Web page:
As long as I can remember, I told my parents that I wanted to be a marine biologist. They realized it wasn’t a phase when I was 14. I turned my room into a mini aquarium exhibit. It was filled with beautiful guppies, zebra fish, platys, mollies, Otocinclus, enormous plecos, and at one point I even had northern leopardfrog and bullfrog tadpoles; I was fascinated by their metamorphosis process.
My sophomore year at Clark, I became part of a stickleback food competition and compensatory growth project involving threespine stickleback (Gasterosteus aculeatus). That summer (2012) I started working in the Foster/Baker lab and never turned back. Since starting in the lab, I have worked on a number of projects, including research involving behavior, endurance, and, my primary project, morphological characterization of stickleback Newfoundland, Canada.
In the following two summers, I travelled to Bonne Bay Marine Station in Newfoundland to collect stickleback. My MS thesis research contrasts morphological variation of stickleback the Cook Inlet region of Alaska with that in Newfoundland collections. I expect to complete my degree this spring (2016). For this purpose, I am measuring attributes that characterize body shape and armor expression. It has been said that the northeast stickleback populations have been static evolutionarily compared to other locations around the world. My goal is uncover the truth.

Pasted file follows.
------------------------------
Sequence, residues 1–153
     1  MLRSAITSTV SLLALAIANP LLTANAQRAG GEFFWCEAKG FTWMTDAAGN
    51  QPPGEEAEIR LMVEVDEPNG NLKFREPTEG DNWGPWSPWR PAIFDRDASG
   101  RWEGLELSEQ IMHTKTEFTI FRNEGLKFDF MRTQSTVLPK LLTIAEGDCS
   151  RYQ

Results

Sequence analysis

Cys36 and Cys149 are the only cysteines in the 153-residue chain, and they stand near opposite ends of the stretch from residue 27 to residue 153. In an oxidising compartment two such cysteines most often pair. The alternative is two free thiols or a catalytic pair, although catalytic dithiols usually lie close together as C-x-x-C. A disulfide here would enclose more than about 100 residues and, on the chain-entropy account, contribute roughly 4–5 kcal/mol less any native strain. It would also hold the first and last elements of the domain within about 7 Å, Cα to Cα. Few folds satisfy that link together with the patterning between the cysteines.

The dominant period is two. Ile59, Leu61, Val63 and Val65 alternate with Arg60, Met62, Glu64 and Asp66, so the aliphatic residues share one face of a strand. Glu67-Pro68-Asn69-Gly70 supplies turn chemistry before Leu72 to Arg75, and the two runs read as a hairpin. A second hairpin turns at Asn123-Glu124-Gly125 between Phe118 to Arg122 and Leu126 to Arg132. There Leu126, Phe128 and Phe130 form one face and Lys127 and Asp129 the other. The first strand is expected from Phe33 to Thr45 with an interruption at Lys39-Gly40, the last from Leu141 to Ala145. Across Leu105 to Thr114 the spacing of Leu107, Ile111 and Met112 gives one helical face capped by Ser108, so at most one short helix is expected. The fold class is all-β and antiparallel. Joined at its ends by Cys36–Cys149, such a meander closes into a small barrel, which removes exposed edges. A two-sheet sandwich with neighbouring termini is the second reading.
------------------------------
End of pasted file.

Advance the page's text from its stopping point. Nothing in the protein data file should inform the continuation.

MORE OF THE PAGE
Outside the Laboratory:
I have a passion for cooking. I rarely make the same thing twice. I love being outside whether it’s at the beach getting a tan or hiking on trails. Also it’s hard to find me without at least one headphone in my ear. I enjoy listening to music from country to some techno/hip-hop. I also enjoy working with kids and teaching them about the amazing and fascinating animal world.
- LEEP Pioneer Award, Clark University, 2013
- Maurine Milburn Research Fellowship Award, Clark University, 2013
Send Jason an email at JMoreira@clarku.edu